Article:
Kristjan Byfield

    Few sectors deal with something as essential as housing. A property cannot be left without access to water, hot water or heating regardless of debt. Items cannot be seized due to debt if that would seriously impact their life and/or their ability to earn money to pay back said debt. Also bare in mind this only has a sizeable impact on around 3-5% of the PRS- 85% of tenancies are terminated by tenants giving notice, take out S21 as easier route for S8, notice to sell will still be permitted to take those out.....we quickly get down to small figures. It is not the horrendous 'end of days' that so many fear (and so many others are happy to stoke those fears) and is a common fact of renting in most countries around the world.

    Barry X

    Kristjan Byfield - that's a lot of waffle but I don't think you know what you're talking about and you haven't made much sense.

    Did you know that the entire PRS was in a massive slump and it was becoming almost impossible for tenants to move or find anywhere to live - because property owners we so reluctant to rent anything to them - until the introduction of the s21 by the Housing Act 1988? Before it ALL tenants were effectively "sitting tenants" who could not be evicted and, as a result, tenanted properties were worth around only 1/3 or so of their open market value with full vacant possession. Furthermore, it was not normally possible to get finance (a mortgage) for tenanted property or property being purchased with the intention of renting it out.... do you understand ANY of this or its importance?

    The abolition of the s.21 together with the continue erosion of Landlord rights and over regulation and complication of the private rental market is undoing everything that was achieved by suddenly giving landlords the perfectly sensible right to ask for their property back if - FOR ANY REASON - they wanted it back, but at the same time still giving reasonable notice to the tenants and protecting their basic rights too.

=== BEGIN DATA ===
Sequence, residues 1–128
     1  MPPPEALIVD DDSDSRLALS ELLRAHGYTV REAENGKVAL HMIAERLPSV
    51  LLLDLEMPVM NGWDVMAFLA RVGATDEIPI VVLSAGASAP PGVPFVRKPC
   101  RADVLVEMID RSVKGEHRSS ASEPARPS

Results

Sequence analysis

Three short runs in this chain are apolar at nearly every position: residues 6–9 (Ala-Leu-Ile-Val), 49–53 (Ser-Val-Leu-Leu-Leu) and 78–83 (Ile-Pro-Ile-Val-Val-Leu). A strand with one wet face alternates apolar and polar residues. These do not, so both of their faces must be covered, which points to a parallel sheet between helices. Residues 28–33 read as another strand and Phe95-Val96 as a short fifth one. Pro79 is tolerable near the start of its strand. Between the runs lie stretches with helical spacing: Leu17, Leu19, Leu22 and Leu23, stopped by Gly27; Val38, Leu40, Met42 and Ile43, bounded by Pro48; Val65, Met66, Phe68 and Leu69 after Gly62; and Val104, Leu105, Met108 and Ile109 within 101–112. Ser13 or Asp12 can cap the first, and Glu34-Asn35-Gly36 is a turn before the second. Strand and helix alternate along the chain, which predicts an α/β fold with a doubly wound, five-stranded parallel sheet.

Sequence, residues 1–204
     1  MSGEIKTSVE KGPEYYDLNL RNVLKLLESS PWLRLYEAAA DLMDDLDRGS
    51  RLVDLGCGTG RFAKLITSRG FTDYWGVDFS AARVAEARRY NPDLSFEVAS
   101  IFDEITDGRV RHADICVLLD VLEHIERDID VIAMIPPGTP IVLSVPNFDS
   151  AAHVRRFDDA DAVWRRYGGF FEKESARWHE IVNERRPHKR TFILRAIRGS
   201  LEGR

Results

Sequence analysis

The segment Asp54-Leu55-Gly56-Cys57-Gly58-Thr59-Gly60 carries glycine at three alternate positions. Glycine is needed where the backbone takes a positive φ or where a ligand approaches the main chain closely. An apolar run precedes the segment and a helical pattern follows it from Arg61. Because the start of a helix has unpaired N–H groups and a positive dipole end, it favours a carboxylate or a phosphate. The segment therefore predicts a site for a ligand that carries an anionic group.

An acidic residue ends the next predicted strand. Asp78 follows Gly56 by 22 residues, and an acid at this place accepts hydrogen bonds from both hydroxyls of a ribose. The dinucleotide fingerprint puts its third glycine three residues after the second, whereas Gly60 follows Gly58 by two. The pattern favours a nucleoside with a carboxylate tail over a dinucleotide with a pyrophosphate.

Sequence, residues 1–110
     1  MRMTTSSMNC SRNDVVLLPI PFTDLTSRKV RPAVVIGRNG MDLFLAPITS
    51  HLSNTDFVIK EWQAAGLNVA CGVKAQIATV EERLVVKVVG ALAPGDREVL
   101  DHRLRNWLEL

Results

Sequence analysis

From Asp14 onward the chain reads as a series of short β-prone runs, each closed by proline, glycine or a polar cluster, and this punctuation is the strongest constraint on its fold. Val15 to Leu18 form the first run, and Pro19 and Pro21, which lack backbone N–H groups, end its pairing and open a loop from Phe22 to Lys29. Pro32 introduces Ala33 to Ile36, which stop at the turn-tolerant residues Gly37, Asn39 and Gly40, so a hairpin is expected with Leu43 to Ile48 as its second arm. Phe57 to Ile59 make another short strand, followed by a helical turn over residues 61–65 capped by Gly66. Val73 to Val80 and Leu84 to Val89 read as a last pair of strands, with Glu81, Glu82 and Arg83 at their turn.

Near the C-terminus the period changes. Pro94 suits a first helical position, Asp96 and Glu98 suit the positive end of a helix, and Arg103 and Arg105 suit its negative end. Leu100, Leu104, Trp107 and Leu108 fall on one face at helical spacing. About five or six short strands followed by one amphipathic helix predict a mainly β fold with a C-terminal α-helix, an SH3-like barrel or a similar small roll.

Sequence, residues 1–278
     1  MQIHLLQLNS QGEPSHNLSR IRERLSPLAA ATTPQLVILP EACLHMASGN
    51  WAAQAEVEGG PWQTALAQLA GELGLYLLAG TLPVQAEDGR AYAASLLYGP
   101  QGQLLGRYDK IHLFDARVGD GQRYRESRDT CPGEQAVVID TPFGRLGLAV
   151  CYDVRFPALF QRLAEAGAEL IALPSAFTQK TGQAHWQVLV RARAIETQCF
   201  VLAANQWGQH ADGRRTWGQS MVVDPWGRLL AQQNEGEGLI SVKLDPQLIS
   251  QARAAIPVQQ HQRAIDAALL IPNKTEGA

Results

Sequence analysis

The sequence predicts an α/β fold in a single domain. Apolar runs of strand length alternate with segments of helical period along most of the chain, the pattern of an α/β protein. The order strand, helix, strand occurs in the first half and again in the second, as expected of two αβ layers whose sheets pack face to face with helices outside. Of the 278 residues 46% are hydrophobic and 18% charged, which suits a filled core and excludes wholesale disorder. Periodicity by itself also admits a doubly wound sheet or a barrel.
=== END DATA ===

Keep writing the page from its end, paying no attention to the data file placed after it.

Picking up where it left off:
Quite simply, we ARE seeing the "end of days" (as you put it) of the private rental market as we know it. It's hard to say what its being replaced by (although I have a few ideas) but current private landlords - even small to medium sized "portfolio" landlords like us (my wife and I) will be squeezed or driven out and it will be nothing much to do with us.

  • Matthew Payne

    As I have just posted on LT. Renters Reform Bill = Get out of Jail Free Card in the real world game of covid monopoly.

    They have no choice but to fast track this now. They have no plan to tackle the unprecedented backlog of section 21 evictions that is coming later this year, where those tenants will then need to rely on the well provided for Social Housing sector.

    Oh, hang on, there isn't one, sorry, I meant they will sadly become homeless, and a massive headache for the government with nowhere to house them, and a general election on the horizion by 2022. Ergo, remove Section 21. Simple as that.

    Algarve  Investor

    Yeah, it makes sense for the government to feed the current ban on evictions - which would appear to be indefinite - into a ban on section 21. It knows it has massive public and cross-party support for this, so it's an easy win.

    But it surely would cause huge problems? At which point do you cut it off? Who could still evict and who couldn't? Will cases stuck in the backlog now, or ready to go after the eviction ban ends, be able to follow through with their evictions? Section 8 doesn't really seem to be a very strong replacement, from what I've read.

    Matthew Payne

    All good Qs, it will be interesting to see how they do manage the transition to avoid a cliff edge of evictions. They cant risk section 21 going back to its former notice at any point, so I can see 6 months remaining until they ram this statute through the legislative round hole. Section 8 notices I see staying in the current format for now, and likewise anyone seeking possession thorugh the Courts after they expire, as HMG still has control. What they need to quickly deal with though is the ability of landlords to remove tenants without any 3rd party involvment.

  • PossessionFriendUK PossessionFriend

    We All know what claiming off Insurance companies is like !!!

  • icon

    This is ridiculous. The govt don’t seem to realise that the tiny number of tenants affected by S21 at least had a chance to escape a bad tenancy unpursued and without court involvement unless the tenant wanted it. Now, they will HAVE to go to court, HAVE to have their sins publicly revealed and WILL get a CCJ in all successful cases. Plus, the additional court workload will cause more problems for the court, and thus more delays. These idiots really don’t think it through, do they?